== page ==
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Rebecca runs at a constant rate on the treadmill and it take [#permalink]
14 Jun 2013, 10:06

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Question Stats:

48% (03:43) correct
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Rebecca runs at a constant rate on the treadmill and it takes her 2 hours longer to reach a certain milestone than the time it takes Jeff to reach that same milestone. If Jeff also moves at a constant rate and the two are allowed to combine their distances traveled to reach 25% beyond the initial milestone in 3 hours, how many hours would it take for Rebecca alone to reach the equivalent distance of 2 milestones?

Re: Rebecca runs at a constant rate on the treadmill and it take [#permalink]
19 Jun 2013, 21:05

targetbschool wrote:

Don't we have to take 25% of combined distance ( 1+1) = 5/2 ?

The wording may be a bit confusing, but "the two are allowed to combine their distances traveled to reach 25% beyond the initial milestone in 3 hours" is supposed to be equivalent to:

In 3 hours, if R and J travel at their constant rates, their combined distance is 25% beyond the initial milestone.

So indeed it should be 3 * (R + J) = 5/4 * milestone. _________________

Re: Rebecca runs at a constant rate on the treadmill and it take [#permalink]
20 Jun 2013, 15:56

mattce wrote:

targetbschool wrote:

Don't we have to take 25% of combined distance ( 1+1) = 5/2 ?

The wording may be a bit confusing, but "the two are allowed to combine their distances traveled to reach 25% beyond the initial milestone in 3 hours" is supposed to be equivalent to:

In 3 hours, if R and J travel at their constant rates, their combined distance is 25% beyond the initial milestone.

So indeed it should be 3 * (R + J) = 5/4 * milestone.

Even I thought wordings are confusing.... Not sure how will I tackle such Q in actual Exam?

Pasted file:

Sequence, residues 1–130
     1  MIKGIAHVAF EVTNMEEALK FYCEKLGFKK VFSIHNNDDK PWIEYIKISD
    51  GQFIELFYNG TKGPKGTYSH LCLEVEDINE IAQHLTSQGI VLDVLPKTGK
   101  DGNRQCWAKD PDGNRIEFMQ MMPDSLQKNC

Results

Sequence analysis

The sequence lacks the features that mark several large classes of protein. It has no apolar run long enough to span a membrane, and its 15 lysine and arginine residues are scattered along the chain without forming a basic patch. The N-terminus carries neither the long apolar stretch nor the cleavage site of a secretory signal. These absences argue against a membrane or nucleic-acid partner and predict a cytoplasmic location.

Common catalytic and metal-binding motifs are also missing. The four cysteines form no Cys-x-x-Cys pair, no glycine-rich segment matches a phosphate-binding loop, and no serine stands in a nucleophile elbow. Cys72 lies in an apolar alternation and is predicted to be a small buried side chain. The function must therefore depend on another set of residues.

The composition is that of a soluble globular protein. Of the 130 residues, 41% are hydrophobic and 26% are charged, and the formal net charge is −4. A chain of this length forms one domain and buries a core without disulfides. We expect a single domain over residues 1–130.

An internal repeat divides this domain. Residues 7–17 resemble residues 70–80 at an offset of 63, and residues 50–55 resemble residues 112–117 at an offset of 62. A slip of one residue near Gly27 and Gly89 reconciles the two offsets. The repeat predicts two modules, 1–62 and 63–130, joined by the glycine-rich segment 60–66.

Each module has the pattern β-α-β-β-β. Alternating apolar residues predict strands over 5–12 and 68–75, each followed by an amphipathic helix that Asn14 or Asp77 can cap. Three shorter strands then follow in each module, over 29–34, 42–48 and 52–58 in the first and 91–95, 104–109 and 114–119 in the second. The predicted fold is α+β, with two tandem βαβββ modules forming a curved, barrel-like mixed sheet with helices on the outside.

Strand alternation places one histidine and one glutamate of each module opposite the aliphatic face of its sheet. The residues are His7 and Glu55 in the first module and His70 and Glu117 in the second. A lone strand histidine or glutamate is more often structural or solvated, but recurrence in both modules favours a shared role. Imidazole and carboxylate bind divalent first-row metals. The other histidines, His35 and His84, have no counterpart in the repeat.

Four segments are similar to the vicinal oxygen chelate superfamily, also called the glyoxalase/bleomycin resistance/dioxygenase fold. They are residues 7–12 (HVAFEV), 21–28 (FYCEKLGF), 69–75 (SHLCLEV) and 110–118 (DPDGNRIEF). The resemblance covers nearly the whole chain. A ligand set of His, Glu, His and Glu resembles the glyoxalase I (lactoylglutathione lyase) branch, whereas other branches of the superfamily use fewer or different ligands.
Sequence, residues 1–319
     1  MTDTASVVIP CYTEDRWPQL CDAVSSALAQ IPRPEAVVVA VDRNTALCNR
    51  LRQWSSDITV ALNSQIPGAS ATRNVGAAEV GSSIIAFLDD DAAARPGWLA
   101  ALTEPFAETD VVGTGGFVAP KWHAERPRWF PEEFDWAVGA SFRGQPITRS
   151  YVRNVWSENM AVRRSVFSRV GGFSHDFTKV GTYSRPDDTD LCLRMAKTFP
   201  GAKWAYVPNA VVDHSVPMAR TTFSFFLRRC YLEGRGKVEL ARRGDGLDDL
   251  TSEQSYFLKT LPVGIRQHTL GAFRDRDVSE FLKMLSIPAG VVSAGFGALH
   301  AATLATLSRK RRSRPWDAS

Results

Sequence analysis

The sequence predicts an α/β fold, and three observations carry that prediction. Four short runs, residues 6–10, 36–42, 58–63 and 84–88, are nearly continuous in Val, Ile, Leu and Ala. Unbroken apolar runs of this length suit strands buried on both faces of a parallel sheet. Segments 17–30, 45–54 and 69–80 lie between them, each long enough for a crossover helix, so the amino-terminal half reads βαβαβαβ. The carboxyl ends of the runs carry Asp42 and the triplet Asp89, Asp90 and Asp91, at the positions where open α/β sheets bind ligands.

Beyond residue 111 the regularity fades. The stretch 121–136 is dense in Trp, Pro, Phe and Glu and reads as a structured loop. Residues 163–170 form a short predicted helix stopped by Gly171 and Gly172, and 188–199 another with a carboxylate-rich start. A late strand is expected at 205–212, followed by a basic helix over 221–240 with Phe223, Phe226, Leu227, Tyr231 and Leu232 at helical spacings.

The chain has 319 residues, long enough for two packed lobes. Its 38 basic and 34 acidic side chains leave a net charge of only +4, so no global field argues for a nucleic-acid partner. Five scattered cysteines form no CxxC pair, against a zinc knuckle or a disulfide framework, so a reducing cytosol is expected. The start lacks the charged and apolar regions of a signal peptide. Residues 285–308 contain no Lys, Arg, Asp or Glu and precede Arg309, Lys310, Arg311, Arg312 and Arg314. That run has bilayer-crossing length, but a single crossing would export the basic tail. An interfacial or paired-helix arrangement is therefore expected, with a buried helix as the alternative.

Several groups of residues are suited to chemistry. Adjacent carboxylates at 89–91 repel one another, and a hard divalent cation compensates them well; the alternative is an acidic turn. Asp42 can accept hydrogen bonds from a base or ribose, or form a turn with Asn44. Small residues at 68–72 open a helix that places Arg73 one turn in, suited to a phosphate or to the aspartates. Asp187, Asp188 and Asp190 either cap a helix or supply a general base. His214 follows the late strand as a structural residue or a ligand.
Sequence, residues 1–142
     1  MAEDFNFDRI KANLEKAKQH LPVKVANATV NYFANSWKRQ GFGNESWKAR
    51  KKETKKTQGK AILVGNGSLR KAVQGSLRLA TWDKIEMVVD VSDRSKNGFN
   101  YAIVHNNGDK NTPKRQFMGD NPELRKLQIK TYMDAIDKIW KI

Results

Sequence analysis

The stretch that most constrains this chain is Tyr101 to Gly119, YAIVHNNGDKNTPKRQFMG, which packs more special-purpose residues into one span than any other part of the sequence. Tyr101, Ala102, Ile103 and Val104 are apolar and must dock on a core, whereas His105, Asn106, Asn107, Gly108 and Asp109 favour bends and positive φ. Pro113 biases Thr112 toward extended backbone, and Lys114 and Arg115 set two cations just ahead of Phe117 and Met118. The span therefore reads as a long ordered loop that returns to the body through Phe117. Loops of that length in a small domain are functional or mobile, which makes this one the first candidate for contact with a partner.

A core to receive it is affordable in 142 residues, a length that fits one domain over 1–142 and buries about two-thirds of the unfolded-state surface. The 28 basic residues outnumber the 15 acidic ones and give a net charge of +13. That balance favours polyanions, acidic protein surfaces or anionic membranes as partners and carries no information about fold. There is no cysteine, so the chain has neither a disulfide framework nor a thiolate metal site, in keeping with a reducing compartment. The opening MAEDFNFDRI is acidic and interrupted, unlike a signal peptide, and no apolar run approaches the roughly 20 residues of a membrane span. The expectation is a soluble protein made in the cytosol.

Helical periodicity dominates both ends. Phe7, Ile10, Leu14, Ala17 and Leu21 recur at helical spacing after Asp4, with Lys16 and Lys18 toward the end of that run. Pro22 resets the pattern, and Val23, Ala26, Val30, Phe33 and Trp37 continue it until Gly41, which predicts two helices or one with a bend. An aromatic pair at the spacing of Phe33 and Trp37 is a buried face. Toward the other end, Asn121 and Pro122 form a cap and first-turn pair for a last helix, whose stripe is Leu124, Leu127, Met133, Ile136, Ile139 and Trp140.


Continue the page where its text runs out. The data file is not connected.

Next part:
Thanks! _________________

"Where are my Kudos" ............ Good Question = kudos

Re: Rebecca runs at a constant rate on the treadmill and it take [#permalink]
20 Jun 2013, 21:09

targetbschool wrote:

Zarrolou wrote:

\(R*(t+2)=1 milestone\) \(J*t=1 milestone\)

\((R+J)*3=\frac{5}{4} milestones\)

From the upper equations get the rate for R and J \(R=\frac{1}{t+2}\) and \(J=\frac{1}{t}\), now substitute them into the lower equation

\((\frac{1}{t+2}+\frac{1}{t})*3=\frac{5}{4}\)

Solve for t and you get \(t=4\)

So Rebecca alone to reaches 1 milestone in \(4+2=6\) hours => two milestones in 12 IMO E

Don't we have to take 25% of combined distance ( 1+1) = 5/2 ?

The text is a bit complicated, however the equation ( 1+1) = 5/2 cannot be the one we are looking for as \(2\neq{\frac{5}{2}}\). We have to write this condition with the speed*time=space relationship _________________

It is beyond a doubt that all our knowledge that begins with experience.

Re: Rebecca runs at a constant rate on the treadmill and it take [#permalink]
07 Aug 2013, 13:56

Rebecca runs at a constant rate on the treadmill and it takes her 2 hours longer to reach a certain milestone than the time it takes Jeff to reach that same milestone. If Jeff also moves at a constant rate and the two are allowed to combine their distances traveled to reach 25% beyond the initial milestone in 3 hours, how many hours would it take for Rebecca alone to reach the equivalent distance of 2 milestones?

Milestone = d

Rebecca = t+2 Jeff = t

1.25 = r*3

Rebecca: d=r*(t+2) Jeff: d = r*(t)

r*t=1.25d (d/t+2 + d/t)*3 = 1.25d

Could someone explain to me why 1.) you use 1 and 5/4 instead of d and 2.) how to simplify? Thanks!

Re: Rebecca runs at a constant rate on the treadmill and it take [#permalink]
09 Sep 2014, 06:24

Hello from the GMAT Club BumpBot!

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